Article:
This blog is about the story of my family here in America. We arrived in the 1630s as Puritans, and became the common folk of the New World.

Christmas songs explained - O little Town of Bethlehem

O little town of Bethlehem
How still we see thee lie
Above thy deep
And dreamless sleep
The silent stars
Roll by

These lyrics, which were written in 1868, use 17th century words such as *thy* and *thee* to give it dignity. There is nothing really sacred about the English language used in the King James Bible, it's just what the language sounded like in 1611.

By the 1800s, the word *thee* had already become the word *you*. And the the word *thy* had become the word *the*. By the way, the formal *you*, which was *thou* disappeared altogether. In the 17th century, any person of age or dignity would have been insulted to be referred to as *thee* (you). That formality was already gone by the 1800s and reserved only for God, in which case it is always *Thou*.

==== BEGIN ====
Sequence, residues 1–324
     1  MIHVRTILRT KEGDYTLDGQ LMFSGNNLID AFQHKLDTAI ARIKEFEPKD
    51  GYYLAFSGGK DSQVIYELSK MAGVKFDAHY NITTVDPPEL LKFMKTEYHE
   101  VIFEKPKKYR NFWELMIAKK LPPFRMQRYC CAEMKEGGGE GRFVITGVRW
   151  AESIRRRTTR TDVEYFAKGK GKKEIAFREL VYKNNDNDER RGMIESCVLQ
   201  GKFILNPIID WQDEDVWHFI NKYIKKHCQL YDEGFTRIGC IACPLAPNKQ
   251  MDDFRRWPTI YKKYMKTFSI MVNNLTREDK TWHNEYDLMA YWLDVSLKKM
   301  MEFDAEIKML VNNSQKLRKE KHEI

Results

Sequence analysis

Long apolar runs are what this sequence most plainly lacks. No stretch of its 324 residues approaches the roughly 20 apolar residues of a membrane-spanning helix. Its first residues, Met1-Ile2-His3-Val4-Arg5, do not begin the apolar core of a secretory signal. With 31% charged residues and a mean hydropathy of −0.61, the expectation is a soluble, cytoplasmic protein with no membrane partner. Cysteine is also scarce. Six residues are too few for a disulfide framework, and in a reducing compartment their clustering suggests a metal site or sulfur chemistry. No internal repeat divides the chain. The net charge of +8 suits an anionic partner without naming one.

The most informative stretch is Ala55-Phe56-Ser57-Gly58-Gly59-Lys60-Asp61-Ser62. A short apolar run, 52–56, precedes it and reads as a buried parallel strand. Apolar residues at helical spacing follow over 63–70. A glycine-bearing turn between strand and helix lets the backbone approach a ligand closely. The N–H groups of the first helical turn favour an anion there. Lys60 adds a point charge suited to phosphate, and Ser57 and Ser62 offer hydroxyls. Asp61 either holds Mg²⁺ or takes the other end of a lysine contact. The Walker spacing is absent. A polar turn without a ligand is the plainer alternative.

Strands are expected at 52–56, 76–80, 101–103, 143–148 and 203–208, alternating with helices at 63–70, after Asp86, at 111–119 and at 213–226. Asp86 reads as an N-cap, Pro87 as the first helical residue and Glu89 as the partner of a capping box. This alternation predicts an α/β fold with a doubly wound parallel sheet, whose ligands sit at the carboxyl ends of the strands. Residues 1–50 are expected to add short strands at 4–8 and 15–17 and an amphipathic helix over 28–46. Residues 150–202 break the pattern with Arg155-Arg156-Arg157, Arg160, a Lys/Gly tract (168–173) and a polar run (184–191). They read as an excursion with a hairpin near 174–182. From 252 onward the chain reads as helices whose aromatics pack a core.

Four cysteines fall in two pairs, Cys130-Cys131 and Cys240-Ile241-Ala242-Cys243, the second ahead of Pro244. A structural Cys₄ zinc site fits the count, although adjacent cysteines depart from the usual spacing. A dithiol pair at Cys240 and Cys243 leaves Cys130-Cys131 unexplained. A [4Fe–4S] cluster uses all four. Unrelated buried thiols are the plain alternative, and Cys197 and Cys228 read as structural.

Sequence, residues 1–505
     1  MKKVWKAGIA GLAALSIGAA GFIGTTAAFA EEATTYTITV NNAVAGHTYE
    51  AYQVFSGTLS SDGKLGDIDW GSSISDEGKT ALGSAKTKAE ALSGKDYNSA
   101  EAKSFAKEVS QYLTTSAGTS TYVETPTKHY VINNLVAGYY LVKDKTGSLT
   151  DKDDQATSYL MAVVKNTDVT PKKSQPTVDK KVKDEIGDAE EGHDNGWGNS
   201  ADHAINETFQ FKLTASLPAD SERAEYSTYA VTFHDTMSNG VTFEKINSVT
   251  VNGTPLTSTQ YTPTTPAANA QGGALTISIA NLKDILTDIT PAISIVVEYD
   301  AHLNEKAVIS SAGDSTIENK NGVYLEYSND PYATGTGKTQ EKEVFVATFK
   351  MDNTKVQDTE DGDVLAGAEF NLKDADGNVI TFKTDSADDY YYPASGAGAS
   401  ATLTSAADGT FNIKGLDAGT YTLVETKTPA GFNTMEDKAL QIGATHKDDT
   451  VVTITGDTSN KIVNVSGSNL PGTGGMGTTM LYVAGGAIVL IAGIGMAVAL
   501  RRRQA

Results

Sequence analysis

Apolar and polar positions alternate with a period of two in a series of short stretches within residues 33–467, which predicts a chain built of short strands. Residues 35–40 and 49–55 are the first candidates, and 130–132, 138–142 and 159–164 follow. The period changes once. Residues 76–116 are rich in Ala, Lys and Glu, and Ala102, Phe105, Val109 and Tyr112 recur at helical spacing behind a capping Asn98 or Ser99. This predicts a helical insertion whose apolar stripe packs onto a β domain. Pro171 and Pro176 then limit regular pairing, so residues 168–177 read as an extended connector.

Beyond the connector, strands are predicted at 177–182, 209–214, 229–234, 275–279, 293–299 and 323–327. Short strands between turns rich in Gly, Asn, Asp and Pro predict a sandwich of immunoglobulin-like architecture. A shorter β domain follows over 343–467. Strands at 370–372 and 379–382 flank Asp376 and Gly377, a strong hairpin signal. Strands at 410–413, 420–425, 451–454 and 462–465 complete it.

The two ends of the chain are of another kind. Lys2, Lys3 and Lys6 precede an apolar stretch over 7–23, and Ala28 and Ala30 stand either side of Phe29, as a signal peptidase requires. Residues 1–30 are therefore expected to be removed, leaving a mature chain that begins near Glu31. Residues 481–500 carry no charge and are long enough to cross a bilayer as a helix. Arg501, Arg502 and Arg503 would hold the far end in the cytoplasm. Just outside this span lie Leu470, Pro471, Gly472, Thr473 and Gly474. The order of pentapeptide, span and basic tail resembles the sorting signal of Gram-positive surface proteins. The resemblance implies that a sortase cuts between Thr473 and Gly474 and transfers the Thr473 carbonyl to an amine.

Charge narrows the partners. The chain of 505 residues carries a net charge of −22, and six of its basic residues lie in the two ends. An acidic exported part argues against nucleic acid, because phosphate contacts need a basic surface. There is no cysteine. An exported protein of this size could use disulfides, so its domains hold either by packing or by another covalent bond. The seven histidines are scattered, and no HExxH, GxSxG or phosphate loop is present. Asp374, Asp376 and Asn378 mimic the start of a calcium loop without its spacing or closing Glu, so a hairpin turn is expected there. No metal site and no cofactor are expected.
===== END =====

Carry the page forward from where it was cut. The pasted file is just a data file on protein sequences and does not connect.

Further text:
Yet in thy dark streets shineth
The everlasting Light.
The hopes and fears of all the years
Are met in thee tonight.

Using an *eth* instead of an *s* was already gone by the mid 1800s, so *shineth* is another 17th century word added to the lyrics to give it more dignity. And it does sound good. The author, Phillips Brooks, was an Episcopal priest, so he was familiar with the 17th century language which is in The King James Bible. Other lyricists weren't so knowledgeable, and some even made the mistake of using the word *ye*, which never existed. Reverend Brooks got it right.

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